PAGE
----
First, we investigated the influence of Numeracy on the participants’ ability to select the best offer. As in Experiment 1, Numeracy is measured by the number of correct answers given to the Lipkus scale and we treated Numeracy as a continuous variable. The binary dependent variable is the quality of commercial choice (i.e., the selection of the best deal). We decided to use a mixed regression model because the participants answered 12 discount choice problems which are considerably different from one another. They involve different products and different price ranges. Also, the absolute difference and the ratio of the initial and final prices change. This variability can be explained using the concept of “random factors,” i.e., variables whose levels are drawn “from a large (potentially very large) population in which the individuals differ in many ways, but we do not know exactly how or why they differ” (Crawley, 2007, p. 628). The mixed regression model (unlike ANOVA and simple linear regression) provides a way to take into account the added variation caused by differences between the levels of the random factors (Baayen et al., 2008; Fugard et al., 2011). As a consequence we included in our model a random factor called “Problem,” that discriminates among the 12 discount choice problems. Results from the logistic mixed model show the importance of Numeracy: higher Numeracy significantly increases the choice of the best options (β = 0.47, Z = 2.23, p = 0.03). In a second model, in addition to Numeracy, we added the factor CRT, considering the four levels of ability (from 0 to 3 correct answers). This model shows that Numeracy does not longer affect the choice of the best option (β = 0.26, Z = 1.18, p = 0.32), while CRT does (β = 0.82, Z = 3.42, p < 0.001). Given that these variables explore two related constructs we decided to verify the level of collinearity between them, so we calculated the variance inflation factor (VIF). Usually the largest VIF is taken to be a measure of the seriousness of collinearity among the predictors and the higher the value, the higher the collinearity. The definition of “high” is arbitrary but values higher than 4 or 5 are commonly considered an index of excessive correlation among explanatory variables. We found an index of 1.07 which allows us to exclude collinearity problems between the variables. As a second test, we also calculated the correlation between CRT and Numeracy to check for possible differences between our study and previous studies. We opted for the Spearman correlation coefficient, as it is not possible to assume neither that the variables are normally distributed nor that there is a linear correlation between them (both of which are necessary assumptions for the use of the Pearson correlation coefficient). Results show that the variables (CRT and Numeracy) are marginally correlated [Spearman correlation, r(35) = 0.29, p = 0.09]. In previous studies, Cokely and Kelley (2009) reported a significant correlation of 0.31. A stronger correlation was found in Finucane and Gullion (2010; r = 0.53) and in Liberali et al. (2012; r = 0.51 and r = 0.40). Despite the small size of our sample due to the constraints imposed by the eye-tracking device (participants have to be tested individually), the degree of correlation we found between Numeracy and CRT is in line with the correlation level obtained by Cokely and Kelley (2009).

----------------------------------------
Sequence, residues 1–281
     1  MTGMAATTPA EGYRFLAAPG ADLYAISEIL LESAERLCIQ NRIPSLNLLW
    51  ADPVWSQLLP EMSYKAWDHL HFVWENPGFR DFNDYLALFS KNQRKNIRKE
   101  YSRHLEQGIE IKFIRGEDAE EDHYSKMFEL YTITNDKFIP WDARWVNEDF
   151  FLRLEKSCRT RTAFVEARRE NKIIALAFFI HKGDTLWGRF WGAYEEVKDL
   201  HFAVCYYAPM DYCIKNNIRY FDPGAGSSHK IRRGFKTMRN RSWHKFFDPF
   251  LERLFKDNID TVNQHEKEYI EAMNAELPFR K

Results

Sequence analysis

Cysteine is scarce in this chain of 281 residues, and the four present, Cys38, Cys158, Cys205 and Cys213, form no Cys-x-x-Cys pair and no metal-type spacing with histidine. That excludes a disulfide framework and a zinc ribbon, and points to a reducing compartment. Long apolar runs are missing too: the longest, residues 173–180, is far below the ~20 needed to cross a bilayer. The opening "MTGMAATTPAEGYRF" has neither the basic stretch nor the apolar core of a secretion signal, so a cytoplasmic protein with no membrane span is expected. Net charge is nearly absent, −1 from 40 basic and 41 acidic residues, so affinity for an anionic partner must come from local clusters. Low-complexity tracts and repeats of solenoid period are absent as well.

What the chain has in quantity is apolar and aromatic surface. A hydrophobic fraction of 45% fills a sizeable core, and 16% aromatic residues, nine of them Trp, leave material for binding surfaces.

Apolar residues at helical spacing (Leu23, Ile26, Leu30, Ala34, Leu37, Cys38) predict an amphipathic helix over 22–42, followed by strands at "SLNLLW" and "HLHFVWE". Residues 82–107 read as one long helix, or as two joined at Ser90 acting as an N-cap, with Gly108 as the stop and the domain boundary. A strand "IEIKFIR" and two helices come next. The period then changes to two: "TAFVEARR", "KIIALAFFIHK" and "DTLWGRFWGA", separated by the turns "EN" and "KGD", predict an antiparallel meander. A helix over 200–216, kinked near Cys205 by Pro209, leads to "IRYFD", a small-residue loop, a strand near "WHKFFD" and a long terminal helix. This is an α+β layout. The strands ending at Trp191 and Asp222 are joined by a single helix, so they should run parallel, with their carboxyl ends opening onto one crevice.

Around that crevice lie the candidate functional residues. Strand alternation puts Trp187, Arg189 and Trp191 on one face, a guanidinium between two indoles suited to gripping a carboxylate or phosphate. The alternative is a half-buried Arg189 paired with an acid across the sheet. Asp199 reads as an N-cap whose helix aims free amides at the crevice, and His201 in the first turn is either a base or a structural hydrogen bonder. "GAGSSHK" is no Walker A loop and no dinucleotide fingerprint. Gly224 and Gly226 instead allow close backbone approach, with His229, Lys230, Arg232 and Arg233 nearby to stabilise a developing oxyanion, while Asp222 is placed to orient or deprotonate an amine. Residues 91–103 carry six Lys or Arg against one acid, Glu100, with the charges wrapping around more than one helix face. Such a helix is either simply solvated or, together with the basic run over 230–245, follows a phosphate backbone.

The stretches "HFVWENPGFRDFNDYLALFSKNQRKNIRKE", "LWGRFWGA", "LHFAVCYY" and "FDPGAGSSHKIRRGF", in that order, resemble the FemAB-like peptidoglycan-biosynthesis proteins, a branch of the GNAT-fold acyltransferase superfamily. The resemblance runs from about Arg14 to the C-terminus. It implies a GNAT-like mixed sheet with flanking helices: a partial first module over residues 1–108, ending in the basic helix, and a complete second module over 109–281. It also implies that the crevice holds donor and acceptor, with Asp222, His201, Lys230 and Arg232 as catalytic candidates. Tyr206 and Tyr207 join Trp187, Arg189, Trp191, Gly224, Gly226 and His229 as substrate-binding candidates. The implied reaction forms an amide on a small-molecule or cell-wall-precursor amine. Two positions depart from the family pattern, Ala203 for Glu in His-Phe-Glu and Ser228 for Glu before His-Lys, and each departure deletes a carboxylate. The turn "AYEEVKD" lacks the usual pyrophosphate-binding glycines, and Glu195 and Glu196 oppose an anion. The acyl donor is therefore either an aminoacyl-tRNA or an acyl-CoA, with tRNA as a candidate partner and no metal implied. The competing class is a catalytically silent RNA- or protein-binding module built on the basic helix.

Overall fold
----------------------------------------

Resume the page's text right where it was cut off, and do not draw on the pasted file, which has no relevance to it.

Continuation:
Results from the mixed model regression analyses are congruent with those obtained in Experiment 1, and they highlight the role of Cognitive Reflection in the selection of the best commercial offer. In Figure 5 we report the relationship between performance on the CRT and the proportion of best offers chosen by the participants. Table 3 details the summary statistics for the questionnaires and the eye-tracking analysis, while Table 4 describe the parameters of the mixed models presented below.